At Large  June 21, 2022  Dian Parker

The Allure and Power of the Color Teal 

Courtesy of the artist.

Harry A. Rich, Ode to a Quilter I Knew. Acrylic. 53 x 56 in.

Using the color wheel, one can see that teal shimmers exactly between green and blue. This patina layer of oxidized copper is often created via a combination of malachite, which is green amalgamated, and azurite, a nearly ultra-violet blue.

Because teal is a midway point, many different shades of it can be produced, from dark to light, from more green to more blue. The variety of color names boggles the imagination: Dark Teal, Egyptian Teal, Tropical Teal, Marine Teal, Teal Blue, Teal Green, Bright Teal, Steel Teal. The Crayola shade Teal blue was introduced in 1990.

Wikimedia Commons.

Pontormo, Carmignano Visitation, 1528. Oil on panel.

In the oil painting Carmignano Visitation by Pontormo, Mary’s teal robe strikingly contrasts with the other three women’s robes. The distinction illustrates her honored position as she was pregnant with Jesus.

Teal offers a striking contrast to blue skies and stormy clouds. Throughout history, the color has been widely used for the domes of mosques, state buildings, churches, sculptures, and monuments. The Iranian Goharshad Mosque constructed in 1418 sported a striking, double-layered teal dome until 1911, when the structure incurred severe damage from Russian bombings. The dome was rebuilt in the 1960s and remains today, its color stands out boldly.

The Statue of Liberty in New York Harbor was gifted by France in 1886 to the United States as a goodwill gesture. Designed by Frédéric Auguste Bartholdi, with metal framework by Gustave Eiffel who designed the Eiffel Tower, the copper statue has since turned a beautiful cyan due to the weathering of copper ore deposits.

Oxidation is produced by a combination of the minerals azurite, malachite, and brochantite. These minerals are considered semi-precious stones and are naturally formed. For centuries, they have been used in utensils, cooking ware, statues, and rooftops.

This elephant figurine is carved out of malachite. The sculpture is a turquoise color leaning more toward green than blue.

Photo by Adrian Pingstone. Wikimedia Commons.

Elephant carved from malachite. Length: 4.3 inches (11 cm).

In Harry A. Rich’s abstract painting Ode to a Quilter I Knew, a few blocks and strips of teal hold their own amidst those in ochre, rust, green, deep blue, and black. The work illustrates the power of teal’s appeal.

Greek island architecture often uses cobalt blue and turquoise for the doors and window frames of the region’s chalky white buildings, mimicking the Mediterranean sea. The Crêperie Oroyona of Paris still retains an old teal-painted door.

Photo by Robert Dimov. Wikimedia Commons.

Detail of exterior view at Creperie Oroyona in Paris, France.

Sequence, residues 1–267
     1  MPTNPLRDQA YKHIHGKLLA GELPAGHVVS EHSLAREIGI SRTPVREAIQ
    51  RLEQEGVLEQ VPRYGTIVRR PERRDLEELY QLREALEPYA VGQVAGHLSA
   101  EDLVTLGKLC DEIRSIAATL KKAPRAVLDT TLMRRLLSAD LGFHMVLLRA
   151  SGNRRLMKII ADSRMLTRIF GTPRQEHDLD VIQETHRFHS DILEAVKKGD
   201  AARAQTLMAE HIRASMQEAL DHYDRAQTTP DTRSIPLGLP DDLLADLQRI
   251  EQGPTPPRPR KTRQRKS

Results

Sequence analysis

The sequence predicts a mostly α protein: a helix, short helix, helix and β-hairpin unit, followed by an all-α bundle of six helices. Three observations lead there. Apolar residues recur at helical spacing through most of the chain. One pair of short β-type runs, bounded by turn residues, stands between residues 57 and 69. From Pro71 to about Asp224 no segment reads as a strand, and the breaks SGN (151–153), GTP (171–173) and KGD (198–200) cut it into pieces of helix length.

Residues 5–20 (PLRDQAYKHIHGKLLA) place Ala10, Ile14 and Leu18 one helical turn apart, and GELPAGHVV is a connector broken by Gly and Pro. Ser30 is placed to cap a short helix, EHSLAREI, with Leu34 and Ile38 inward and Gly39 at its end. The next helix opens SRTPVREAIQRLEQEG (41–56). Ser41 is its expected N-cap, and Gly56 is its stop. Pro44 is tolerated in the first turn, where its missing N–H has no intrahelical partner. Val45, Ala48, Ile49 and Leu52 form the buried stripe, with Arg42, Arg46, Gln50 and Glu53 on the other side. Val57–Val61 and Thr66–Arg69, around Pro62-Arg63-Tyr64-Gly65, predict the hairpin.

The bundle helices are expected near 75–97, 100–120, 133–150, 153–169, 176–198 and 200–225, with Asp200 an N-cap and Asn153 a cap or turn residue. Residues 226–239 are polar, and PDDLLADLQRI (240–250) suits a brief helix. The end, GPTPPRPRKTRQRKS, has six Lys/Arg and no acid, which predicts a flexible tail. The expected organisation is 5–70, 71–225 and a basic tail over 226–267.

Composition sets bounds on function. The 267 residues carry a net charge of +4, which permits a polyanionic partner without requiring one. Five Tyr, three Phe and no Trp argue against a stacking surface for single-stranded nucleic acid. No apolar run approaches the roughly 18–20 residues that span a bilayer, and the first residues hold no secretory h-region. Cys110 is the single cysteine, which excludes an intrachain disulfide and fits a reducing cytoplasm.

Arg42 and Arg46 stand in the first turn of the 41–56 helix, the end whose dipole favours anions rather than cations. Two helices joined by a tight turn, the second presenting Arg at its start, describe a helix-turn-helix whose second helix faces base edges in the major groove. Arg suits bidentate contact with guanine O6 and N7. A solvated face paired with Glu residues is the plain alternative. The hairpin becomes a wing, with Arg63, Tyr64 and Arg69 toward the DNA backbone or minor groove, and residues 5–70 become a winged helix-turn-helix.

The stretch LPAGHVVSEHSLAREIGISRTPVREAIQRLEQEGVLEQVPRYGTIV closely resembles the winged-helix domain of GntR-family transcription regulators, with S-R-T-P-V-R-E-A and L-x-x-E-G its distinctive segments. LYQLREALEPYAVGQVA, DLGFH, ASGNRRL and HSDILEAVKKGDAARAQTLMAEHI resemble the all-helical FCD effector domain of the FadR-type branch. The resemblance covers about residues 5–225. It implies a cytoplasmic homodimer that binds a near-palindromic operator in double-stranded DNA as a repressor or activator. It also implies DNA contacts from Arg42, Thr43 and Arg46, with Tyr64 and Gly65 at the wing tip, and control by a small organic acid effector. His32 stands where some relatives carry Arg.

Holly Walker’s ceramic entitled Copper Jar with Curved Lid was built from rolled coils and pinched into form. The teal color is made by using three percent copper carbonate in a white slip. The earthenware seeps through the glaze in places, revealing scratches of brown and yellow.

photo by Michael Sacca. Courtesy of the artist.

Holly Walker, Copper Jar with Curved Lid. Ceramic. Height: 10 in./p>

The color teal was first mentioned in 1917, the name is believed to originate from the freshwater duck, the common or Eurasian Teal, which sports a dash of the color on its head, close to the eye, and on its wings. 

Teal blue became the foundation of the Plochere color system, founded in 1948. The color gained popularity through the 1950s and became one of the few colors used to create early web pages beginning in 1987.

Altoon Sultan’s painting Long Cylinders demonstrates the alluring power of teal. Sultan makes her own medium by mixing the beaten white of an egg, called "glair," as a binder. The glair is then mixed with a powdered pigment, making egg tempera, which she paints on calfskin parchment stretched onto a panel.

Courtesy of the artist.

Altoon Sultan, Long Cylinders, 2021. Egg tempera. 9 x 11 ¼ in.

Psychologically, blue has a calming effect and green is enlivening. Combine the two and you have a wonderful balance. Teal offers a colorful haven between tranquility and revitalization, like the ocean and palm trees; a tropical beach vacation; a soothing respite for the senses.

No wonder the Egyptians saw teal as a representation of faith and truth. And the Tibetans as the symbol of infinity. Sky and sea, blue and green, ocean and land, art and goodwill—all winning combinations.

About the Author

Dian Parker

Dian Parker’s essays have been published in numerous literary journals and magazines. She ran White River Gallery in Vermont, curating twenty exhibits, and now writes about art and artists for various publications. She trained at the Royal Academy of Dramatic Art in London. To find out more, visit her website

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